Economic Update

Published 31 Mar 2017

Reforms lifting foreign ownership ceilings may prompt a wave of overseas investment in Thailand’s insurance sector, though the industry’s highly competitive environment could also see smaller operators come under pressure.

Opening doors

On January 18 the Ministry of Finance (MoF) published amendments to regulations governing foreign participation in the Thai insurance sector, further opening the industry to overseas investment.

Under the new regulations, foreign companies may control 100% of the shares of a domestic insurance firm, up from the previous ownership cap of 49%, while non-Thai citizens can now comprise more than half of a company’s board of directors.

However, overseas businesses looking to take advantage of these extended ownership rights will still need to seek approval from the MoF, whose final decision will be determined by strict fiscal criteria.

Under these requirements, companies looking to acquire a domestic insurer must either be an insurance firm or a business that is clearly connected with the industry. In addition, the company must have been operating in the insurance sector for a minimum of 10 years, be financially stable and have been awarded a credit score of at least “A” by an internationally recognised ratings agency.

Any foreign company seeking MoF approval to enter the local market must also be able to demonstrate it has a sound business operation and technology transfer plans for the development of its insurance business in Thailand, as well as the financial capacity to support and grow its Thai-based operations.

If approved, a foreign operator must be able to maintain available capital of BT1bn ($28.3m) if it is a non-life insurance provider and at least BT4bn ($113.4m) if it underwrites life insurance policies.

Possible divestment

Foreign appetite for Thai insurance assets could be whetted by the planned sell off of underwriting operations by local lender Siam Commercial Bank (SCB).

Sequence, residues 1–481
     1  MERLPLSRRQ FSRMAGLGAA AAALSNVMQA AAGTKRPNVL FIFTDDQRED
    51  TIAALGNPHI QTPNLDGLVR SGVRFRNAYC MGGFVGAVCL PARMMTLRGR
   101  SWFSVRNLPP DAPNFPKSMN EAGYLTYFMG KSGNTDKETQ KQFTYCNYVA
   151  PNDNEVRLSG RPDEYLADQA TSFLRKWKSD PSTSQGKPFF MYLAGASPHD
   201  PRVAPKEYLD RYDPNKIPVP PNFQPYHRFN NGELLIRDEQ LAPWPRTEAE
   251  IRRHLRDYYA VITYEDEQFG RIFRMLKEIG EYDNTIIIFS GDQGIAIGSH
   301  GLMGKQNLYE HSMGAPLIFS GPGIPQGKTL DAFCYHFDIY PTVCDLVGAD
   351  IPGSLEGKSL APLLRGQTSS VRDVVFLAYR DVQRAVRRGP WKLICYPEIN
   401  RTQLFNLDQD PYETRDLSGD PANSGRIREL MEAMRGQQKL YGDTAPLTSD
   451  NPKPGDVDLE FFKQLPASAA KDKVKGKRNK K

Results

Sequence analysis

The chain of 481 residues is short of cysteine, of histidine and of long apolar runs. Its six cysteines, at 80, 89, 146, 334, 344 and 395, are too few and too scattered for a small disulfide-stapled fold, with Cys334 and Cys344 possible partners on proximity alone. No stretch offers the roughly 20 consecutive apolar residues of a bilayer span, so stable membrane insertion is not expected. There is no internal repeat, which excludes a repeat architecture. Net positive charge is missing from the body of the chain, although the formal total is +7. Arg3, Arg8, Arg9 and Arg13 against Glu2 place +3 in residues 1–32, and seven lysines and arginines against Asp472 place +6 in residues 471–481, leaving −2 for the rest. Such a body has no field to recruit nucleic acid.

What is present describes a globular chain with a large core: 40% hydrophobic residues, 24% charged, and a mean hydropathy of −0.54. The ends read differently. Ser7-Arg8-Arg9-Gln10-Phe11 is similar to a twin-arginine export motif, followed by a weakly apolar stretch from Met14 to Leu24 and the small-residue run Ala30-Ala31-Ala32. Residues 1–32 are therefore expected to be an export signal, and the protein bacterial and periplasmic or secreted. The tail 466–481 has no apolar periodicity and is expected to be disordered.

In late January Thailand’s third-largest bank announced it was seeking a buyer for its life insurance arm, having previously sought to sell off a 49% stake in its insurance unit last year.

According to media reports, a number of international insurers are considering making a bid, including Hong Kong-based AIA Group, Canada’s Manulife Financial and Prudential from the US.

Currently, SCB Life is ranked fourth in the domestic life insurance market, with estimates putting the company’s book value at around $3bn, though it has yet to be announced whether all or only part of the firm’s shares will be put up for sale.

Room to grow

Insurance penetration in Thailand remains relatively low at 7.84%, according to data from the Office of Insurance Commission (OIC). This is well below rates found in move advanced regional economies such as Hong Kong and Japan, which have rates of around 15% and 12%, respectively, according to the latest figures from global reinsurer Swiss Re.

However, rising disposable incomes – which increased by 73% between 2005 and 2014 to BT12.8trn ($345.8bn), according to the Office of the National Economic and Social Development Board – suggest there is potential for growth.

Solid sales have already been recorded in the life insurance segment, with premium totals reaching BT568bn ($16.1bn) in 2016, up 5.7% on the previous year, when 6.8% growth was posted, according to the Thai Life Assurance Association – the state regulator for the life insurance segment.

Changes on the horizon

While the opening up of the sector to full foreign ownership could boost sales in both the life and non-life subsectors, it may also put pressure on domestic operators, with the potential for mergers and acquisitions increasing as larger companies move to expand market share at the expense of smaller rivals.

The life insurance segment in particular could prove challenging for smaller insurance outfits looking to expand operations, with the seven largest life insurance companies currently holding 80% of the market.

“While this competitive edge can offer advantages to end users, the rivalry and pressure to keep policy prices low can erode margins for smaller, less well capitalised insurers,” Suthiphon Thaveechaiyagarn, secretary-general of the OIC, told OBG. “However, this could change with the advent of financial technology, which could level the playing field for smaller companies. For example, small companies can create new distribution channels via smartphone applications to reach customers directly without paying any commission.”

Such tools will shorten the distance between clients and insurers, and help drive stable growth in the industry, while also reducing costs and easing pressure on smaller operators in what is set to become a much larger and even more competitive market, according to Suthiphon.